December 3 , 2003  
Volume 97, Issue 53  

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NEWS

Letters

Bursary and OSAP blues

To the Editor:
According to the Ontario Student Assistance Program, it is nearly impossible to be financially independent. The equation that leads to the eventual amount of loan funds released to a student depends greatly on their parents’ income. It is assumed parents are donating a percentage of their income to fund their kid’s education.

Now sure, that may be true in most cases, but what about for those of us where it isn’t? My parents have chosen not to contribute financially to my education, and I explained that on my OSAP application. Imagine my surprise when I find out months later, after a stressful battle to try to keep what little money OSAP had given me, that there is no way for the average person to get around this assumption of parental support.

It takes the complete dysfunction of a family for the government to accept that parents are not giving their kids money. My family may be weird, but we’re not dysfunctional, so in the computer of financial services, the government says my parents have given me nearly $14,000. Funny, I don’t remember getting $14,000 — I just remember getting shafted by a program failing to help the students who need it most.

Sarah Stephens
History I

To the Editor:
I was turned down for a Western bursary. I’m not trying to pitch a big sob story, but merely state that the criteria they set might need re-evaluation.

The response I received from my financial aid officer as to why, stated, I “made too much money working during the summer and you have enough money to cover this year on your student line of credit.” So, is this insinuating I have to be unemployed during the summer and spend all the money on my line of credit in order to receive a bursary from the school? Considering I have a line of credit, this should lead her to the conclusion that I am obviously in debt, and therefore, would very much appreciate a little extra help through a bursary; but sadly I am unworthy.

Chantel Kondracki
Sociology II

Dave Pulitzer?

Re: “Note to photogs: stop re-Joyceing,” Nov. 28, 2003

To the Editor:
Regarding my multiple Gazette appearances, I just happened to be in the right place at the right time. It’s not my fault photogs are always there to capture the events of my day. Angry over respectable journalism? If Joseph Pulitzer was here, he’d print-press your ass out of here.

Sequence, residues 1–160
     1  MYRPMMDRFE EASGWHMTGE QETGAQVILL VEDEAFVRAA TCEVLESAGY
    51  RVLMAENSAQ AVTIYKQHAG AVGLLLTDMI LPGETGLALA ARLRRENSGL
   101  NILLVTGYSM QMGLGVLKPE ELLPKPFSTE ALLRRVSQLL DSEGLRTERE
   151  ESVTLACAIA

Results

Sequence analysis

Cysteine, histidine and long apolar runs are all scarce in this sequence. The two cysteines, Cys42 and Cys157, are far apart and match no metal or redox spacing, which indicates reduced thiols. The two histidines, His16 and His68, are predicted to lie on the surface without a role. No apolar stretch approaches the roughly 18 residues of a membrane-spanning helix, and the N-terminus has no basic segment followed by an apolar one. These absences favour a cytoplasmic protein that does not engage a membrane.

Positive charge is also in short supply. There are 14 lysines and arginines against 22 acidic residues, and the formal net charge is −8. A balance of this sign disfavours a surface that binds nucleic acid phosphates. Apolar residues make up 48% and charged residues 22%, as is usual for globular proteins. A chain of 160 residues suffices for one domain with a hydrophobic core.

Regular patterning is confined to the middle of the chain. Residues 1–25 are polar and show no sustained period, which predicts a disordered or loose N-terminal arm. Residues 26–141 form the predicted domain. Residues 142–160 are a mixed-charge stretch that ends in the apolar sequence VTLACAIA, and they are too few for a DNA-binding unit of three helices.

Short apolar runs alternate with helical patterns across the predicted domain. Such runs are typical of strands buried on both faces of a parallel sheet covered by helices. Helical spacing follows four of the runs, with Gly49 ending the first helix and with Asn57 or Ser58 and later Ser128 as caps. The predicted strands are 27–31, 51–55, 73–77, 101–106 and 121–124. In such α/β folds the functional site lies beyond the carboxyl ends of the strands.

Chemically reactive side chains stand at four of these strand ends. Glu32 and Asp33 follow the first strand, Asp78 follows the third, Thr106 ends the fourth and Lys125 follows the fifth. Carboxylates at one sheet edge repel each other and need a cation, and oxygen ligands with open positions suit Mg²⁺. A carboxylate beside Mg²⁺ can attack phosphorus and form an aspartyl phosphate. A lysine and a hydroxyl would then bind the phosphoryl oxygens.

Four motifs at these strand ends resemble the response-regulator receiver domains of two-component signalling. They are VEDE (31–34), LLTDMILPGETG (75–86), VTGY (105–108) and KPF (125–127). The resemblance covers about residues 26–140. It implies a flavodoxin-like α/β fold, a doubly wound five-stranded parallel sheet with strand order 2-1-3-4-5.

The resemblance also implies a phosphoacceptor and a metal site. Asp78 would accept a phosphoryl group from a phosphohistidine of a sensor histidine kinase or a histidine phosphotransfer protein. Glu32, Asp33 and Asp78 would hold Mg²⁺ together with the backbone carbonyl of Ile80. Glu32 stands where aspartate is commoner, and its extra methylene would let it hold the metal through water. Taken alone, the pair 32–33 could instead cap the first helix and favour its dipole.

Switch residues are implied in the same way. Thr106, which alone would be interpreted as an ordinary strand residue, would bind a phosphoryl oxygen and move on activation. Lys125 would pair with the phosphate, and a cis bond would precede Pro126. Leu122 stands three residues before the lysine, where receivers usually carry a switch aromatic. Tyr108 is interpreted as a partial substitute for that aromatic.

Dave Joyce
Honours MIT II

If you want a seat, call shotgun

Re: “You down with NDP, yeah you know me,” Nov. 26, 2003

To the Editor:
Thank you to Rob Ford for responding to my letter on the current issues in the Ontario parliament and reinforcing my plight as “good.” But please allow me to ask: what the hell are you talking about?

I never suggested a reduction in the actual amount of representatives in the Ontario legislature. That is a Conservative policy and an effort to undermine democracy. I argued that the required seats for official party status ought to be reduced from its current level of eight. If anything, I support increasing the amount of representatives and carving up all of the constituencies gerrymandered by the former Harris-Eves dictatorship.

Furthermore, Ford concludes that the official party status requirements are just, and my grounds for contesting it are not. Granted, population is a factor in determining the amount of representatives in parliament, but it does not affect the party status requirements. That number should reflect a proportional result of the total seats in the legislature, which can be completely arbitrary. The federal House of Commons requires a party to hold only 12 of 301 seats (or four per cent) for status. In Alberta and Saskatchewan, it’s two (three and two per cent respectively). If we calculate Ontario’s requirements, eight out of 103 seats translates to seven per cent! Is that fair?